A randomized phase III study evaluating the efficacy and safety of NEPA, a fixed-dose combination of netupitant and palonosetron, for prevention of chemotherapy-induced nausea and vomiting following moderately emetogenic chemotherapy
Aapro M.,Institute Multidisciplinaire dOncologie |
Rugo H.,University of California at San Francisco |
Rossi G.,Data Management |
Rizzi G.,Data Management |
And 9 more authors.
Annals of Oncology | Year: 2014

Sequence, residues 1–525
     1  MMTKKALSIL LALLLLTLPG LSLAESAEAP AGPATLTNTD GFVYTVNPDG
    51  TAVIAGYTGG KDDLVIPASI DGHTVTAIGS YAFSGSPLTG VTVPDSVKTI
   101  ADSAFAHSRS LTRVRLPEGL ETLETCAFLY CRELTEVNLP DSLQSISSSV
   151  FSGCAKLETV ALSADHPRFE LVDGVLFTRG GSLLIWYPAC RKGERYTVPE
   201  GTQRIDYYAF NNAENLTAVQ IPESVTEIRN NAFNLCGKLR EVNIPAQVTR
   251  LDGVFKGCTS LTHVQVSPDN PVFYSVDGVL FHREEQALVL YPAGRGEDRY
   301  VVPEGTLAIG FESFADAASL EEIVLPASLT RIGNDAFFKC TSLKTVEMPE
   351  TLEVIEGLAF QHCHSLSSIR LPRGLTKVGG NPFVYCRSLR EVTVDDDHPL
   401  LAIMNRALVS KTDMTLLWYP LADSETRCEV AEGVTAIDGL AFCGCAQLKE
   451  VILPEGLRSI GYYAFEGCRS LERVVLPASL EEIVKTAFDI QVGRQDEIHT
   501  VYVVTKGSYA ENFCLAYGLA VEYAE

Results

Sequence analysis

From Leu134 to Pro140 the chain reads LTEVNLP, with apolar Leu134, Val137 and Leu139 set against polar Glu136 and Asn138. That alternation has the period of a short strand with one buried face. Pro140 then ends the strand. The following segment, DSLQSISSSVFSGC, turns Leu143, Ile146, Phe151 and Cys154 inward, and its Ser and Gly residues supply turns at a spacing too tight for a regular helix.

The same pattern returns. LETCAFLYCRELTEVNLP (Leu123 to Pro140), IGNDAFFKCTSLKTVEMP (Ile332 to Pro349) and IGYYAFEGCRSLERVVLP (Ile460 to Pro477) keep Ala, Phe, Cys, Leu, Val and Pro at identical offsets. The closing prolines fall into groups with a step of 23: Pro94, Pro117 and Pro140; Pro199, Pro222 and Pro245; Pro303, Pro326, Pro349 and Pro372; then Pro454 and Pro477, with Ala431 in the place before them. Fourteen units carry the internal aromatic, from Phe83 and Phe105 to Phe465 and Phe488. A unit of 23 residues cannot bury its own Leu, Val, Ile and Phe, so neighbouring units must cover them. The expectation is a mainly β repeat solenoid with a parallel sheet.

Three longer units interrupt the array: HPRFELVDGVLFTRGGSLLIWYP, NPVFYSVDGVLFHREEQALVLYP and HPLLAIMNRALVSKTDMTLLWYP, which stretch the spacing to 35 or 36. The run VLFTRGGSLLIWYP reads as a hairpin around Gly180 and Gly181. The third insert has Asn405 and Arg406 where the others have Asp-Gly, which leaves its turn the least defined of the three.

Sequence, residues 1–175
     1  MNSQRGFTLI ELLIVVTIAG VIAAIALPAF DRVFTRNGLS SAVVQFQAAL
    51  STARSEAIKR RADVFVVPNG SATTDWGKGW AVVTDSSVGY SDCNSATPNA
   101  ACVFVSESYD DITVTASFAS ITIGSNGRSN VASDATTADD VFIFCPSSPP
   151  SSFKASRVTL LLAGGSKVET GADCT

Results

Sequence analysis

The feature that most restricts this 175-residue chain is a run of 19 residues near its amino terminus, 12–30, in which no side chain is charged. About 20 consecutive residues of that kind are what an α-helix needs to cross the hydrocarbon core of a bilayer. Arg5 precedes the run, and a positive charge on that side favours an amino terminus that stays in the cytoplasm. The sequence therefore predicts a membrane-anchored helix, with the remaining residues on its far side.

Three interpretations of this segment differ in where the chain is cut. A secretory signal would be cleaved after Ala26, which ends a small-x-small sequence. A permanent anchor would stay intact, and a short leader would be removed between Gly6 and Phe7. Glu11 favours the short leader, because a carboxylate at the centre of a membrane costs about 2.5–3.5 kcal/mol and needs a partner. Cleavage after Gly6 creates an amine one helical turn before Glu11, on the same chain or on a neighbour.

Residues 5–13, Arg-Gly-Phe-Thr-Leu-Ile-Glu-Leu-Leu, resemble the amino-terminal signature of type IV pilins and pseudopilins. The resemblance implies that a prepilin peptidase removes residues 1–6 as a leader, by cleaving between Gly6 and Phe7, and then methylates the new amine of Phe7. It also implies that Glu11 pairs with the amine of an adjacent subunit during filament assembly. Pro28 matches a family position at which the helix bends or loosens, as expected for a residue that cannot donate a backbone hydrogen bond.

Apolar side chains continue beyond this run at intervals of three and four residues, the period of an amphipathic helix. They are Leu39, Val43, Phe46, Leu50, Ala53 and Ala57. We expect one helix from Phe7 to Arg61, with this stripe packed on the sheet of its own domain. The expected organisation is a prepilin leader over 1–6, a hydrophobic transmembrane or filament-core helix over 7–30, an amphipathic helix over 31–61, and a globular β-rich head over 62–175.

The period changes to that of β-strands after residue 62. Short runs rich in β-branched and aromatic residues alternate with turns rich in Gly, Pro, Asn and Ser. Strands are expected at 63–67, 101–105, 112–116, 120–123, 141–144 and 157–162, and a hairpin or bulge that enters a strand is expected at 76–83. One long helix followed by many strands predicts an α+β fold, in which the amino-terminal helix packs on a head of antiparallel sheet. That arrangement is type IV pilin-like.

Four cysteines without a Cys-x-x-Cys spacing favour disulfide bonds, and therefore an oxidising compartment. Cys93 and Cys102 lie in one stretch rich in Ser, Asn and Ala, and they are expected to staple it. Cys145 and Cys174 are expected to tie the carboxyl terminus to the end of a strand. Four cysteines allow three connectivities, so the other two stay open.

Background: Antiemetic guidelines recommend co-administration of agents that target multiple molecular pathways involved in emesis to maximize prevention and control of chemotherapy-induced nausea and vomiting (CINV). NEPA is a new oral fixed-dose combination of 300 mg netupitant, a highly selective NK1 receptor antagonist (RA) and 0.50 mg palonosetron (PALO), a pharmacologically and clinically distinct 5-HT3 RA, which targets dual antiemetic pathways. Patients and methods: This multinational, randomized, double-blind, parallel group phase III study (NCT01339260) in 1455 chemotherapy-naïve patients receiving moderately emetogenic (anthracycline-cyclophosphamide) chemotherapy evaluated the efficacy and safety of a single oral dose of NEPA versus a single oral dose (0.50 mg) of PALO. All patients also received oral dexamethasone (DEX) on day 1 only (12 mg in the NEPA arm and 20 mg in the PALO arm). The primary efficacy end point was complete response (CR: no emesis, no rescue medication) during the delayed (25-120 h) phase in cycle 1. Results: The percentage of patients with CR during the delayed phasewas significantly higher in the NEPA group compared with the PALO group (76.9% versus 69.5%; P = 0.001), as were the percentages in the overall (0-120 h) (74.3% versus 66.6%; P = 0.001) and acute (0-24 h) (88.4% versus 85.0%; P = 0.047) phases. NEPAwas also superior to PALO during the delayed and overall phases for all secondary efficacy end points of no emesis, no significant nausea and complete protection (CR plus no significant nausea). NEPAwas well tolerated with a similar safety profile as PALO. Conclusions: NEPA plus a single dose of DEX was superior to PALO plus DEX in preventing CINV following moderately emetogenic chemotherapy in acute, delayed and overall phases of observation. As a fixed-dose antiemetic drug combination, NEPA along with a single dose of DEX on day 1 offers guideline-based prophylaxis with a convenient, single-day treatment. © The Author 2014. Published by Oxford University Press on behalf of the European Society for Medical Oncology. All rights reserved.